So far, this year has seen the hype train exit the blogosphere and stop by at every station along the way. Amongst its passengers, we’ve seen a variety of new meat – from well-loved West-coast hip-hop collective Odd Future Wolf Gang Kill Them All, to the twee Manhattan-based outfit Cults. However, the buzz around these acts is dying down, and naturally people are looking for refreshment. Well, who better (or worse) to fulfil this need than the secretive, anti-propaganda Mancunian band WU LYF?
I know what you’re thinking – where on Earth did the inspiration for such a title come from? It stands for ‘World Unite! Lucifer Youth Foundation’, which, whilst sounding like some kind of rebellious Catholic group, is exactly the sort of nonsensical band name that gets teenagers animated these days. If you’re a fan of such hard sell, then it’s crucial to jump on board with this band and enjoy being wonderfully unaware of particular ascertained facts concerning the music within this record. If you’re the opposite, then consider yourself to be within a tasteful minority.
On first listen, Go Tell Fire to the Mountain is striking in its velocity, showing no signs whatsoever of consciousness or subtlety within the band. This blemished album displays a set of plangent, jittery tracks, metaphorically smacking the listener in the face and invoking a longing for liberation. Inside the music, this album features a tangled and ill-produced montage of instruments, which seem to be viciously fighting against each other rather than creating the layers obviously intended.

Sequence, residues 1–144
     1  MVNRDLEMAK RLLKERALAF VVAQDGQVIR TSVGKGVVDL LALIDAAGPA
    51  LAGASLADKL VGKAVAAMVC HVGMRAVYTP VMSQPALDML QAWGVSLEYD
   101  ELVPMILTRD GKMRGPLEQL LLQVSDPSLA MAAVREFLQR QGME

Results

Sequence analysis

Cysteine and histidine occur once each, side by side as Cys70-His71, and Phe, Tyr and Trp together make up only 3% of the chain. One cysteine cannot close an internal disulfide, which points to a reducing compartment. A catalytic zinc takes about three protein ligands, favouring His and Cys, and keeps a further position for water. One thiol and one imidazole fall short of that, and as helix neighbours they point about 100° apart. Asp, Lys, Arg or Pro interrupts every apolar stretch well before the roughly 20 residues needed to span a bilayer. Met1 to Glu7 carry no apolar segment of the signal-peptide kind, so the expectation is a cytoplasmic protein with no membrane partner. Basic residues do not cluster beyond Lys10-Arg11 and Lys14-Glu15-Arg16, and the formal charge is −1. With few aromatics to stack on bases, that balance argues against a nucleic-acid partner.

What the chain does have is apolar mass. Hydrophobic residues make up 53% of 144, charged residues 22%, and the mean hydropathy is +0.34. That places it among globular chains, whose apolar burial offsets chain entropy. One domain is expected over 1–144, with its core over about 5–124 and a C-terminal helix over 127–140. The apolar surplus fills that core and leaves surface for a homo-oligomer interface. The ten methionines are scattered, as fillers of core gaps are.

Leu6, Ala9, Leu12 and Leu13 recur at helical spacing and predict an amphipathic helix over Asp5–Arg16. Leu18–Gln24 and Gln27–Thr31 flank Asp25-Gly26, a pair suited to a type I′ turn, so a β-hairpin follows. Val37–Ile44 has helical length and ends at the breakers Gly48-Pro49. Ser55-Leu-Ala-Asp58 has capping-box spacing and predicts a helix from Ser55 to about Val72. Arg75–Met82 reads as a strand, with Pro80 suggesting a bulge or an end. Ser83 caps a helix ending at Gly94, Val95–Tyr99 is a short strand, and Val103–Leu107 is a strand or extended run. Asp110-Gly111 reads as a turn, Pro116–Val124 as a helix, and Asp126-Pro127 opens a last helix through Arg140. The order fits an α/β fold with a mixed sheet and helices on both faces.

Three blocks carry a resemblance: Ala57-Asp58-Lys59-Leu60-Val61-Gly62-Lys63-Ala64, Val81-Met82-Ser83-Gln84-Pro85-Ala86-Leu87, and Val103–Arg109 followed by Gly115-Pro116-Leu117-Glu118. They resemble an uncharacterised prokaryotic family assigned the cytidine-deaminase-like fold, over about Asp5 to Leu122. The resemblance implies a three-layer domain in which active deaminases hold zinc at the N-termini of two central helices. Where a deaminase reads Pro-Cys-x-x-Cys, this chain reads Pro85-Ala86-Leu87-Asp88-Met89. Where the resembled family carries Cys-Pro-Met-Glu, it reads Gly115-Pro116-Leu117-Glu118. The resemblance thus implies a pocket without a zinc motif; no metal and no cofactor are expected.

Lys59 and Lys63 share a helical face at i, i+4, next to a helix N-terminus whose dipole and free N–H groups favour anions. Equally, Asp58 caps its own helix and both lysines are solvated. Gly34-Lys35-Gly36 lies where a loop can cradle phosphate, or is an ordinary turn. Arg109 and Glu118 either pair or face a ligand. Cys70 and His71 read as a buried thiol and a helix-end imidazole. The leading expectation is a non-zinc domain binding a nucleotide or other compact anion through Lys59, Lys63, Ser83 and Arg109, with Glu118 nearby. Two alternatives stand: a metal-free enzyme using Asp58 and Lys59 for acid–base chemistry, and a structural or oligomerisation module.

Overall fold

WU LYF’s debut eases listeners for a short moment with its mellow, transient organ sounds at the beginning of the opening track, L Y F, perfectly placed just to make sure everyone knows that this album was recorded in a church – dauntless, huh? Yet the tranquility is shattered with the yelping, rugged lyrical delivery taking hold, which would be reminiscent of early Modest Mouse were it not so desperate and tedious. Cries of ‘Love you forever!’ can be heard inside the chaotic rumble of sounds, and this line returns later in the album on Dirt, that track closing with a boisterous, full-frontal chorus loop of ‘World Unite! / Love you forever!’
Despite the futility of the band’s efforts to carry out some heavy concepts of religious iconography, brotherhood and togetherness throughout the album, the music remains upbeat and almost danceable, which is solely the record’s strength, and something they may have been partially aiming for. There have been comparisons linking this band to the likes of Arcade Fire and the aforementioned Modest Mouse, but they sound absolutely nothing like these bands.
Many differences are evident, but one thing that separates WU LYF is the seemingly drunken, teenage Van Morrison taking hold of the vocals. Although, with all their flaws and inadequacies, the music world is still open for WU LYF, and the band seem to have realised this with their heavy reliance on PR stunts and the like. After all, in a scene infested with vapid, featureless pop, so similar is their sound that the scheme of gaining fame through means of maintaining a reserved presence will keep them surviving in the industry when they’re at their least motivated.